Black Dog – Neil Gaiman, illustrated by Daniel Egneus

31199023In a quiet English village, legend tells of a black dog that appears in the darkness. If you see him, you die. Shadow Moon has been on the road for a long time so, when he meets a nice couple at the pub in this village, he gratefully accepts their offer of a room to stay in. However, when the man collapses on the way home, Shadow realises that this village is harbouring a dark secret.

Black Dog follows Shadow Moon, the main character from American Gods, so although it does work as a standalone novella and doesn’t follow on directly, it would be helpful to read American Gods first for context.

The book is very short but you can really tell what a remarkable writer Neil Gaiman is because it’s incredibly atmospheric and tells a complete and engaging story with barely any scene-setting, character development, or build-up.

I read the version illustrated by Daniel Egneus and the illustrations really made the reading experience special. The pictures are dark and abstract and complement the story beautifully.

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Moira Ashe: Kindred Spirits – Brendon Bertram

40898924.jpgHaving been exposed as a werewolf and forced to abandon her life in Quinn, Moira Ashe flees to Trident Bay in the hope of finding transport across the sea. Denied by every ship in the port, she turns to Caspian, the chieftain of Trident Bay, who enlists her help in defeating the legendary Terror of Trident Bay. Caught up in an uprising and a surprising romance, Moira’s plans to escape go awry and the risk of her identity being discovered increases.

I enjoyed this book immensely, as I did the first. It is short and sweet with an action-packed and fast story. As this is the second book in the Moira Ashe series, I would say it is important to read the first book: Enemy Within. They flow directly into each other and a lot of the plot and character development would be missed if you dove straight into book #2.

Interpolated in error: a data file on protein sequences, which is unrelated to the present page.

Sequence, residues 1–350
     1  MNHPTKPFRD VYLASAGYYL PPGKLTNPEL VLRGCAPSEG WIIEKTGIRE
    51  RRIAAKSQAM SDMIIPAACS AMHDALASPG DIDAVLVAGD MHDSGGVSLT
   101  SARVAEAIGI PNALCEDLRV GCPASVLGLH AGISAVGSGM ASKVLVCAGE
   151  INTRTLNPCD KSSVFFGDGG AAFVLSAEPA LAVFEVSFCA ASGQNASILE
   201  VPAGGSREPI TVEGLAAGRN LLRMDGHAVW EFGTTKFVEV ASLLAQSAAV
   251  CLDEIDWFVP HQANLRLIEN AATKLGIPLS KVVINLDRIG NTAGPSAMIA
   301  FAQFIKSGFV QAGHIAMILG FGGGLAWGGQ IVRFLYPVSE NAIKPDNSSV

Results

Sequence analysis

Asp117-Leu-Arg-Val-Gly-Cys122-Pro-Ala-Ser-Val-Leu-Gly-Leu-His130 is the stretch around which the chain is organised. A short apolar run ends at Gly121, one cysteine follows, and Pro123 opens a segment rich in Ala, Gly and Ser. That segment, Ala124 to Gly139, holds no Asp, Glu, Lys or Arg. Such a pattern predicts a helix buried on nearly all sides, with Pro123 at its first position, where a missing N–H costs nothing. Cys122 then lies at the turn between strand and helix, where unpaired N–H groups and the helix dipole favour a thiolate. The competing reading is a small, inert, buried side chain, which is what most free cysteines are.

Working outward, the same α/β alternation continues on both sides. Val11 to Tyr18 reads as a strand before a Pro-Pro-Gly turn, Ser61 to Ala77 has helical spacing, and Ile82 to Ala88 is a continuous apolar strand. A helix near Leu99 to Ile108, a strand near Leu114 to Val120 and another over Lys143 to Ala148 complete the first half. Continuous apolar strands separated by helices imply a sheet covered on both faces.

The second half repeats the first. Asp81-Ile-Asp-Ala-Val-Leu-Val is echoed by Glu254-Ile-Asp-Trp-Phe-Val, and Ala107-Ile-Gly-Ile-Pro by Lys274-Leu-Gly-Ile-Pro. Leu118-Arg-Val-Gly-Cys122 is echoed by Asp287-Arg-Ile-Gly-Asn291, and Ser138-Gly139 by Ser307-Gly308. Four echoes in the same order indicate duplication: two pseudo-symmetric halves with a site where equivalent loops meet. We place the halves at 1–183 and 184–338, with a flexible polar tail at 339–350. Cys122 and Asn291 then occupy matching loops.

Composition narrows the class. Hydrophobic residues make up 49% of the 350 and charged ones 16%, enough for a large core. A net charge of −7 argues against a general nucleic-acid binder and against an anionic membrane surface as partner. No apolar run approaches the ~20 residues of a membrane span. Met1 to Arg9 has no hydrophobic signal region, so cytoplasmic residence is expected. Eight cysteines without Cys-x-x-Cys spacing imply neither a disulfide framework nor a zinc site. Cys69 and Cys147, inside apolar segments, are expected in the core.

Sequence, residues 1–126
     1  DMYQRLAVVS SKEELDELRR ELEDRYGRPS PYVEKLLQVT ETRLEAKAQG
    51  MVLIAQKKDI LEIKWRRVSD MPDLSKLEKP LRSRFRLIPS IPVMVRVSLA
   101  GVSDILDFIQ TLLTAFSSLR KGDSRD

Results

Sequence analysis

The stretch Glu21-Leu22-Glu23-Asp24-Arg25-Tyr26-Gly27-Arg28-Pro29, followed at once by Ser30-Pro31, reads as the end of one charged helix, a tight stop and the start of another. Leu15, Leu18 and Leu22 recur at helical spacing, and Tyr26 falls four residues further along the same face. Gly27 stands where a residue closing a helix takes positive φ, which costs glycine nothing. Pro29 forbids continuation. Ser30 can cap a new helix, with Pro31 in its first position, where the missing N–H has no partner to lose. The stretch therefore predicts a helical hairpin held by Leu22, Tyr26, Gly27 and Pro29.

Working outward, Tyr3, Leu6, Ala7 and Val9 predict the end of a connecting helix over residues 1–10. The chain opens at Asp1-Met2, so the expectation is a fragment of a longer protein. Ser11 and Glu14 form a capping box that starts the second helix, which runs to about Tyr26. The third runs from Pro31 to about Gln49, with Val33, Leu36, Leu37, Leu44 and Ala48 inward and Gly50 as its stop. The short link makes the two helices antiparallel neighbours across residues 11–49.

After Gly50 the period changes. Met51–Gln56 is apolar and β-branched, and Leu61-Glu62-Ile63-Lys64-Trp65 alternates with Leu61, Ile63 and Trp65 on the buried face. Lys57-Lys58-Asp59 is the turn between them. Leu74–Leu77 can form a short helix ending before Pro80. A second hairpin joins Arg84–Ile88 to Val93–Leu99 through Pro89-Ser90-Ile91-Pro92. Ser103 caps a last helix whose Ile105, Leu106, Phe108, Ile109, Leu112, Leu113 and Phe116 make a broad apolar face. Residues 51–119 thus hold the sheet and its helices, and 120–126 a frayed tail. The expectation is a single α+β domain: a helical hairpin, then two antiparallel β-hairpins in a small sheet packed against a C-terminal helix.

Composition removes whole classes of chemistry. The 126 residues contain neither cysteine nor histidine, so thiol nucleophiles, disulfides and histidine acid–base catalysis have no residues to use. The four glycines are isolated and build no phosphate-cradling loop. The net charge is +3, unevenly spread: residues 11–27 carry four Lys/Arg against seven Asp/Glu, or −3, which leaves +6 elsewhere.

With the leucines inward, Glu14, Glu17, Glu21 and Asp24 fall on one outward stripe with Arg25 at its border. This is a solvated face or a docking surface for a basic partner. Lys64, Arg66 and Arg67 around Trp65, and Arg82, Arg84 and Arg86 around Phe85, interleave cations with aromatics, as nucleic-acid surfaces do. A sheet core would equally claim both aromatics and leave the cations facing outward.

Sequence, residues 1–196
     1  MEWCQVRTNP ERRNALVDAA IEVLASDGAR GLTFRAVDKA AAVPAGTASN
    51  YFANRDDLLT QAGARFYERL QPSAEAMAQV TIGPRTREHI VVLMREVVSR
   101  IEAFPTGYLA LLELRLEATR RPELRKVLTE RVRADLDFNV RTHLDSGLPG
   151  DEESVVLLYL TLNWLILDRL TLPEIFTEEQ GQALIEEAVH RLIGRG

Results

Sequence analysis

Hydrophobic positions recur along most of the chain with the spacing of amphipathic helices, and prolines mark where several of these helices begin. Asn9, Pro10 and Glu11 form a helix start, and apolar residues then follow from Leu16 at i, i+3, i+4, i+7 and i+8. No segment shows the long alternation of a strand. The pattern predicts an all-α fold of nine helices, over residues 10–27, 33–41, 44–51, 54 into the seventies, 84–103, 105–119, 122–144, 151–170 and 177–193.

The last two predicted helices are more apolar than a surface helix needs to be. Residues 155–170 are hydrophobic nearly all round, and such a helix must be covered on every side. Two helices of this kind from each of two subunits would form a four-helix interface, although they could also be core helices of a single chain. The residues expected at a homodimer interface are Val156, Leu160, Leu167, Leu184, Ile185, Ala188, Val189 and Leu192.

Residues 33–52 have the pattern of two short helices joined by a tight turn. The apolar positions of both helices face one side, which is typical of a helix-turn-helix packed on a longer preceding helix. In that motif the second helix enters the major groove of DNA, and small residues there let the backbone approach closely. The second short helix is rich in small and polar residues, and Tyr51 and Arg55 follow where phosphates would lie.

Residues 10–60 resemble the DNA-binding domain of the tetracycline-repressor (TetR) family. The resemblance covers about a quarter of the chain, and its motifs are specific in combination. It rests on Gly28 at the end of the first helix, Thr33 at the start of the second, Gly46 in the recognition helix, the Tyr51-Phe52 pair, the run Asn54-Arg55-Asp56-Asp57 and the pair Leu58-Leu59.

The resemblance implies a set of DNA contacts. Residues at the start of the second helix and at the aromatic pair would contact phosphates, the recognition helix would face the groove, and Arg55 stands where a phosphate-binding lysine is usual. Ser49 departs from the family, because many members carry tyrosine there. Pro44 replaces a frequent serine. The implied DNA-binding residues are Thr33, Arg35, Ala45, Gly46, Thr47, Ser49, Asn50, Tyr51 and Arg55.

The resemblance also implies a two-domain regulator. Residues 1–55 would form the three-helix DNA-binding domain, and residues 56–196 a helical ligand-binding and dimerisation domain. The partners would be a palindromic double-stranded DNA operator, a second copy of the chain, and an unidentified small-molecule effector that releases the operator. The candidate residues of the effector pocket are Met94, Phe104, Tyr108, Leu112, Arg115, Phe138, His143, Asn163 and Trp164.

Surprisingly, in this one, there was somehow time for there to be a couple of dull parts. In such a short book, I didn’t know this was possible, but the parts where Moira was learning how to fight with an axe and, frankly, the romantic and sexual aspects were pretty boring.

Although I didn’t love the romantic angle of the story, I very much enjoyed the political plotline, with the peasant uprising and the secret committee meetings. They added an extra layer to the story on top of Moira’s general escape plan and fight against the Terror.

This is a great series, very fast-paced and quick to get through.

I received a copy of this book from the author in exchange for an honest review.

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Moira Ashe: Enemy Within – Brendon Bertram

39738891Werewolves have been sighted in Abalon. With a full moon approaching, the king is worried, and sends Lincoln Clarke to find help. In the corner of a dark tavern, he finds Moira Ashe, an experienced werewolf-hunter. Reluctantly, she agrees to let him join her on a hunt to learn how to deal with these beasts. But Moira has her own secrets to protect, and letting Lincoln tag along might not be the best of ideas.

This is a very short book and therefore very quick to read. The story gets straight to the point and is action-packed. It is unusually short for a fantasy adventure story. Although in many ways this was a nice change, there were some points where the story felt too vague and underdeveloped. It could certainly have benefited from more character development.

Despite this, the scene and the story were set up very well and, as the first part of a series, it didn’t matter that the full adventure was not covered in this one book. I was certainly left wanting more.

I received a copy of this book from the author in exchange for an honest review.

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Weight – Jeanette Winterson

40118697.jpgWeight is a re-telling of the story of Atlas and Heracles. Heracles, when trying to complete his trials, seeks help from Atlas who carries the world on his shoulders. During his temporary relief from the weight of the world, Atlas begins to question, does it even need to be carried?

I was not already familiar with the story of Atlas and Heracles so I didn’t have expectations of this retelling. I love mythology (Greek gods in particular) so was keen to read something new.

Overall, I really enjoyed it. It’s very short (150 pages), and a very fast read. Winterson’s writing style is clear and engaging, and the story felt fresh.